The cool thing about this feature is that you can see how many folks tapped your countdown and set a reminder, giving you more insight into how effective your social efforts are.

Other Instagram tips include adding a link to your podcast channel in your bio, showcasing video or audio clips as posts to entice listeners, and promoting show content with a dedicated hashtag, like we did for our Change the Channel event #WatchCTC.

For the record, hashtags are effective on all social media platforms — but their level of effectiveness changes frequently. To stay up to date on which ones work best, regularly google the top-performing hashtags for your industry. That way you always stay on top of the algorithm!

Is there a better way to support your podcast that you’re super proud of than with a grade-A social media treatment? We think not!

Remember: quality over quantity. Don’t feel pressured to go all in on all platforms at once. If your brand naturally has a stronger presence on any particular channel, lean into that area. Do what works best for your brand and don’t be afraid to try new things or pull back on what’s not working.

Hopefully, with these tips and tricks you are on track for creating the social campaigns of your marketing dreams. So don’t waste any more time. If you’ve got a great podcast, start promoting it on social media and making your niche the most entertained corner of the internet there is.



Continue Reading

Video Marketing

7 Wistia Integrations to Boost Your Video Marketing Efforts

Published

on


In today’s digitally integrated world, it’s critical that all of the tools you use work well together. That’s why we’re excited to share some of our favorite Wistia integrations!

Did you know? Wistia integrates with more than 35 unique partners in the marketing space. Each of these integrations has something valuable to offer and can help marketers connect the digital dots by collaborating seamlessly during the video production process, unlocking actionable information from your videos, saving precious time with automation, and more!

Check out these super handy integrations and start connecting your MarTech tools today.

What makes a lead “good”? And when is the right time to move a prospect from a lead to a marketing qualified lead to a sales qualified lead?

While there’s no cut and dry answer, migrating all of your marketing touch points into a single source of truth can help connect the dots. This is why linking Wistia to your marketing automation platform of choice is a great way to close the loop on engagement and nurture data as it relates to your video content.

“We use Uberflip for our video forms since it is already integrated with our other reporting tools, then we get the added benefit of the branded experience with Wistia.”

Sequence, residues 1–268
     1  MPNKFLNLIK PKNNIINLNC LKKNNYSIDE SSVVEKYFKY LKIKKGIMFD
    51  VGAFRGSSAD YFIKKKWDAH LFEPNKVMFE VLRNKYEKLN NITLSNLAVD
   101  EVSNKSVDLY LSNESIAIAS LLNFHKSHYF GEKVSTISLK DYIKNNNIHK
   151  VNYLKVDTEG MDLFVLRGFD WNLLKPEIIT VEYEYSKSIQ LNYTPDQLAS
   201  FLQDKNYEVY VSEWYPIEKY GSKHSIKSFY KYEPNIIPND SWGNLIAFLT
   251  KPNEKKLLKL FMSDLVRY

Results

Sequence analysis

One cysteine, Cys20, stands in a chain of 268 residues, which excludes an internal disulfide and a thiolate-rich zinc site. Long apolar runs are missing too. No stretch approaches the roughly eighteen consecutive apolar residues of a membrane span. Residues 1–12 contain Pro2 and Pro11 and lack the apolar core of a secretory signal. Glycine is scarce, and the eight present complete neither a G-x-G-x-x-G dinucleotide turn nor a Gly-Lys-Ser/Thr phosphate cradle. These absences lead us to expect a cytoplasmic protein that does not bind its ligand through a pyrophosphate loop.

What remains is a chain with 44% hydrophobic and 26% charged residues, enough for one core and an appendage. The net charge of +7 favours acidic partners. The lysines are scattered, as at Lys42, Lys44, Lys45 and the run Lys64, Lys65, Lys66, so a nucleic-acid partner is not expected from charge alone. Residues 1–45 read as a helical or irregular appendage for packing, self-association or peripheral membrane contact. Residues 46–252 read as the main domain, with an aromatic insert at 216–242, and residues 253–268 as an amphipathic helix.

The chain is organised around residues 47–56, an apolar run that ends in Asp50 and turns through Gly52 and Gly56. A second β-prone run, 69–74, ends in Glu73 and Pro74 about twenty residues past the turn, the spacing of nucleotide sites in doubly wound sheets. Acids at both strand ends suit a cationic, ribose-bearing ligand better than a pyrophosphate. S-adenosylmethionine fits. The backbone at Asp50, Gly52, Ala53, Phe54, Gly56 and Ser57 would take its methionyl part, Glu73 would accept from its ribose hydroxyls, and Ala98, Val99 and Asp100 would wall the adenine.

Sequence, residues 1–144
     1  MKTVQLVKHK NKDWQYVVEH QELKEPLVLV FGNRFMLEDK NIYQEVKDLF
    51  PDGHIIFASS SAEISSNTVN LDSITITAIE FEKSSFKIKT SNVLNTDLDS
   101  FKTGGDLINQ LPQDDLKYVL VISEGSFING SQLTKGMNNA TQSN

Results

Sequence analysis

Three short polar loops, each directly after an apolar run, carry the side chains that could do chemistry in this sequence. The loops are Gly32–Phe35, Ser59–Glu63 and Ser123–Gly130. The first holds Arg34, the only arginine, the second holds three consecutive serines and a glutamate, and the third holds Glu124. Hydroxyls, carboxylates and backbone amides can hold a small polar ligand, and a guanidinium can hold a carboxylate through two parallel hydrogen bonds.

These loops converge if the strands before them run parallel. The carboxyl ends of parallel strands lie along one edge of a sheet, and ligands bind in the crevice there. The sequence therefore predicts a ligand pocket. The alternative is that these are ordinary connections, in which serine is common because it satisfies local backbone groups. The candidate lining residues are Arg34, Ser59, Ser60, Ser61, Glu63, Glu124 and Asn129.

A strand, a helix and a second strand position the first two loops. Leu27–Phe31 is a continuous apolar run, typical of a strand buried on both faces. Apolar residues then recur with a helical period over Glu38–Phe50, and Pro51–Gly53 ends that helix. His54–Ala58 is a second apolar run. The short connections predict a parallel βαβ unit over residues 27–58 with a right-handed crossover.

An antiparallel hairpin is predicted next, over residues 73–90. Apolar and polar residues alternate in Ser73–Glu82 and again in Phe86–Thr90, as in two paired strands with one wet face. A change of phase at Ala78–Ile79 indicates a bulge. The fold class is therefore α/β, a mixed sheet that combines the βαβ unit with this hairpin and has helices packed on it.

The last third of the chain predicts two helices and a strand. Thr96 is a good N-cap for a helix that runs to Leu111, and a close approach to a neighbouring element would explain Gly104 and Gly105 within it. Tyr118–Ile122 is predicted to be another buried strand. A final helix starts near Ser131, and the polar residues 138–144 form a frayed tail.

BJ Dodenbier, Digital Marketing Specialist @ Workfront

Wistia’s marketing automation integrations can help you capture leads directly from your video assets, score leads based on video engagement, automate marketing communications based on behaviors, and assign leads when a prospect meets certain criteria. It’s pretty nifty.

Featured Partner: HubSpot

Hungry for more? Learn more about the power of pairing video with marketing automation, and check out our complete list of marketing automation partners.

Great video production and great video hosting go together like peanut butter and chocolate; they’re just so much better together.

While you might have a dedicated internal or external team on the video production front, there are also simple solutions available to do the heavy lifting for you — particularly for short, catchy videos for social media and marketing communications.

A recent Neilsen report found that the average U.S. adult spends more than 6 hours per day consuming digital content, so it’s no surprise that the demand for tools that simplify this process has increased significantly.

By pairing your video production tools with Wistia, you’ll save loads of time downloading and uploading videos across your various platforms. Create content with ScreenFlow, get feedback with Wipster, optimize assets for social media with Wave.video, and then share it with the world all from your Wistia account.

Check out our complete list of video production partners to get started.

Data is at the heart of any good marketing campaign, and video data is just as important as data from any other channel. In fact, video is one of the most trackable content mediums.

Don’t make the mistake of siloing data across different platforms. Paint a complete picture of website engagement and campaign performance by integrating Wistia with one of our analytics partners. This will allow you to integrate playback data with events tracking, website goals, conversion tracking, and so much more.

“Medialytics has not only made our video analytics more digestible, but the in-depth breakdown by date ranges, location, and device truly helps narrow down our target audience and engagement. Wistia, YouTube, and Facebook have definitely found their perfect companion in Medialytics.”

Adam Lessell, Multimedia Coordinator at Valir Health

Dig into the data — check out our complete suite of analytics integrations.